Circumstances Not Put To An Accused Under Section 313 CrPC Cannot Be Used Against Him: SC

             It is most reassuring, most refreshing and most remarkable to note that as recently as on September 28, 2020, the Supreme Court in a latest, landmark and laudable judgment titled Maheshwar Tigga vs State of Jharkhand in Criminal Appeal No. 635 of 2020 (Arising out of SLP (Crl.) No. 393 of 2020) has made it crystal clear in no uncertain terms that the circumstances not put to an accused under Section 313 of the Code of Criminal Procedure cannot be used against him and must be excluded from consideration. No matter how heinous the crime may be, it cannot be denied that the accused too has certain legal rights which cannot be taken away by anyone as per their own whims and fancies! This is what the Apex Court has underscored in this noteworthy case while acquitting a rape accused. Also, it goes without saying that justice must not only be done but also seen to be done!

To start with, this notable judgment authored by Justice Navin Sinha for himself, Justice RF Nariman and Justice Indira Banerjee of the Apex Court first and foremost sets the ball rolling by noting in para 2 that, “The appellant assails his conviction under Sections 376, 323 and 341 of the Indian Penal Code (in short, “IPC”) sentencing him to seven years, one year and one month respectively with fine and a default stipulation.”

While elaborating on the facts of the case, it is then stated in para 3 that, “The prosecutrix, PW9 lodged FIR No. 25 of 1999 on 13.04.1999 alleging that four years ago the appellant had outraged her modesty at the point of a knife. He had since been promising to marry her and on that pretext continued to establish physical relations with her as husband and wife. She had also stayed at his house for fifteen days during which also he established physical relations with her. Five days prior to the lodging of the F.I.R. the appellant had established physical relations with her on 09.04.1999. The appellant had cheated her as now he was going to solemnise his marriage with another girl on 20.04.1999. All efforts at a compromise had failed.”

As it turned out, para 4 then envisages that, “The Additional Judicial Commissioner, Ranchi on consideration of the evidence convicted the appellant holding that the prosecutrix was 14 years of age when the appellant had first committed rape upon her at the point of a knife. He did not abide by his promise to marry her. The High Court dismissing the appeal opined that the letters written by the appellant to the prosecutrix, their photographs together, and the statement of the appellant recorded under Section 313 Cr.P.C. were sufficient to sustain the conviction.”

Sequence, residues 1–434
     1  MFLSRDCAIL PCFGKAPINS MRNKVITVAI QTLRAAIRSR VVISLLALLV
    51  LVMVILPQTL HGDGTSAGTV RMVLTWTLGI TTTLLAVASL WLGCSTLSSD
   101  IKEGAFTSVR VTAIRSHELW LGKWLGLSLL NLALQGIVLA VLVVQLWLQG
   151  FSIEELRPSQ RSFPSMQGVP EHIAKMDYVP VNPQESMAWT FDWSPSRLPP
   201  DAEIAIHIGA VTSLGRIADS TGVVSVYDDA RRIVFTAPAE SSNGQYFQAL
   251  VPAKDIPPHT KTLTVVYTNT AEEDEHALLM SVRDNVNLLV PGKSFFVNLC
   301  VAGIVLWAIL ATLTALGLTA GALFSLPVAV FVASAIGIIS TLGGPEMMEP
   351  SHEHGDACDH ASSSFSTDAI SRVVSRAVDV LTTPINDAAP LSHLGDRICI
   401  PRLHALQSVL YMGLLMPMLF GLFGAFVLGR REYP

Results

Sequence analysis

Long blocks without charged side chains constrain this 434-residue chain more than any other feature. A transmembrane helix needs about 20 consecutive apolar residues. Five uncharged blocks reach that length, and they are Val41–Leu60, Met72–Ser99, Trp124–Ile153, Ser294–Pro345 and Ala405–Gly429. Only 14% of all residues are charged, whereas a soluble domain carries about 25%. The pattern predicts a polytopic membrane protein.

On the one hand, it is stated in para 5 that, “Learned senior counsel, Mrs V. Mohana on behalf of the appellant, submits that the F.I.R lodged belatedly after four years was clearly an afterthought. The entire genesis of the allegations is highly doubtful and suspect as the prosecutrix in her cross-examination admitted that the appellant had not committed rape with her on 09.04.1999. The letters written by the appellant to the prosecutrix as also those written by her to the appellant marked as Exhibits during trial, more than sufficiently established a deep love affair between them over a period of time. The prosecutrix was aged approximately 25 years as opined by P.W. 10, the Doctor who medically examined her on 14.04.1999. The physical relationship between the appellant and the prosecutrix were consensual in nature occasioned by their love affair. No offence under Section 375 IPC is therefore, made out. The questions put to the appellant under Section 313 Cr.P.C. were very casual and perfunctory, leading to denial of proper opportunity of defence causing serious prejudice to him by denial of the right to a fair trial. The marriage between them could not materialise due to societal reasons as the appellant belonged to the Scheduled Tribe, while the prosecutrix was a Christian. Reliance was placed on Parkash Chand vs. State of Himachal Pradesh, (2019) 5 SCC 628, Vijayan vs. State of Kerala, (2008) 4 SCC 763, Kaini Rajan vs. State of Kerala, (2013) 9 SCC 113, Deepak Gulati vs. State of Haryana, (2013) 7 SCC 675 and Uday vs. State of Karnataka, (2003) 4 SCC 46.”

On the other hand, it is then stated in para 6 that, “Ms. Pragya Baghel, learned counsel for the State, submitted that the prosecutrix stood by the allegations during trial. The delay in lodging the FIR has been sufficiently explained by reason of the compromise efforts which failed to materialise. P.W. 7, the sister of the prosecutrix had also confirmed that the latter was sexually assaulted by the appellant at the point of a knife and had come home crying. The appellant had told the prosecutrix to keep quiet in his absence, revealing that his intentions were not bonafide. The defence of a consensual relationship is irrelevant considering that the prosecutrix was fourteen years of age. The appellant had held out a false promise of marriage only to establish physical relations with the prosecutrix. He never had any such intentions from the very inception, and he obtained the consent of the appellant by a false misrepresentation, which is no consent in the eyes of the law. The evidence of the prosecutrix is reliable.”